First came the American Trader oil spill in Huntington Beach in 1990, followed by a public response to save wildlife covered in oil. The plan included a call to UC Davis’ wildlife experts.
The damaged tanker spilled 400,000 gallons of crude oil, killing 1,000 birds and closing 15 miles of Orange County beaches for three weeks. Public agencies spent at least $35 million to clean up the spill.
When UC Davis veterinarian Michael Ziccardi looks back at this month’s 25th anniversary of the oil spill, he sees a watershed event leading to the Oiled Wildlife Care Network.
‘World model’ for oiled wildlife
Ziccardi directs the center he calls a “world model” for other countries’ use. Started in 1994 through a California law, the network transferred three years later to UC Davis’ Wildlife Health Center. The organization has become the most advanced in the world for rescuing oiled wildlife.
Ziccardi, who earned his veterinary as well as his master’s and doctoral degrees in epidemiology from UC Davis, also co-led the national marine mammal and sea turtle response after the BP Deepwater Horizon spill in 2010.
In this Q&A, he reflects on events that galvanized a dedicated network of people in California to save wildlife from oil spills and how the public can help prevent spills in the future.
How did Orange County residents help form the OWCN?
The American Trader oil spill happened in 1990, almost immediately after Exxon Valdez. Exxon was the first spill to come into people’s living rooms [on the evening news], so American Traderhappened in the backyard of some environmentally conscious people during a period of heightened public attention.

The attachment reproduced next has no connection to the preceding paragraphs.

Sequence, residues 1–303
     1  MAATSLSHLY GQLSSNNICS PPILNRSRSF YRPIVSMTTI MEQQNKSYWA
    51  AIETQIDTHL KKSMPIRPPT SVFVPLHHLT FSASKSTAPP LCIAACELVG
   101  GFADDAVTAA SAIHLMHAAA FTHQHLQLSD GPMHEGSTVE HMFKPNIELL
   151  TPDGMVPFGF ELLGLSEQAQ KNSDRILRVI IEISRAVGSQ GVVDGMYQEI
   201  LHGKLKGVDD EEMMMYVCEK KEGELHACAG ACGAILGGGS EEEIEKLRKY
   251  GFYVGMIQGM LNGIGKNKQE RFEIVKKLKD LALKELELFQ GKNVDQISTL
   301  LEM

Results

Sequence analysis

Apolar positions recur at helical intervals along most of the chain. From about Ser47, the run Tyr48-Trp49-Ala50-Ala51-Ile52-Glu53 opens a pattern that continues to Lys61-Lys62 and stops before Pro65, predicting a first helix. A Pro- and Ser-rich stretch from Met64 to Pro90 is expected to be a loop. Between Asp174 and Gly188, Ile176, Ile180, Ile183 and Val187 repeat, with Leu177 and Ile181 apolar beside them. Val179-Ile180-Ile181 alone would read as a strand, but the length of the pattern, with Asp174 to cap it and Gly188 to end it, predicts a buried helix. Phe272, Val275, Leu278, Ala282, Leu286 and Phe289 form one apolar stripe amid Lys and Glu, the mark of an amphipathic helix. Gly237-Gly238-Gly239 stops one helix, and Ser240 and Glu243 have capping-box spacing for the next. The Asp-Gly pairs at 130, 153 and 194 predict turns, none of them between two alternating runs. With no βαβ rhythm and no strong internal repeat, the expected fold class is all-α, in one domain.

‘Without the public response to American Trader — lead by people living in Orange County who understood the importance of the marine environment — we wouldn’t have nearly the degree of responsiveness we have now.’
— Michael Ziccardi
The federal government was taking steps to revise federal legislation after Exxon, but afterAmerican Trader, California decided that wasn’t good enough. We wanted the best response system in the world. So we set up a second state safety net to fund quicker responses.
The OWCN was created under the Office of Spill Prevention and Response. Without the public response to American Trader — led by people living in Orange County who understood the importance of the marine environment — we wouldn’t have nearly the degree of responsiveness we have now.
OWCN is considered the world model, and we’re contacted by many other countries and nations for help setting up their own networks. In part, because of OWCN’s success, the National Oceanic and Atmospheric Administration asked me to write national guidelines for marine mammal response, which were used in response to the 2010 Deepwater Horizon spill.
What about oil spills might surprise people?
Of the more than 2,000 spills that happen every year off the coast of California alone, many are not petroleum-based or the result of industrial accidents. Fish and vegetable oils have been the most damaging spills of all to seabirds in California responses.
What can people do to help?
The most important action you can take is to learn and use proper disposal techniques for your cooking oils, motor oil and any other household oil. All roads lead to the ocean, and everyone can play an important role in prevention.
If you want to help animals directly, find an OWCN partner organization, such as the Wetlands and Wildlife Care Center or the Los Angeles Oiled Bird Care and Education Center, that accepts volunteers, and apply for their training program. A strong volunteer corps at all partner organizations benefits the network.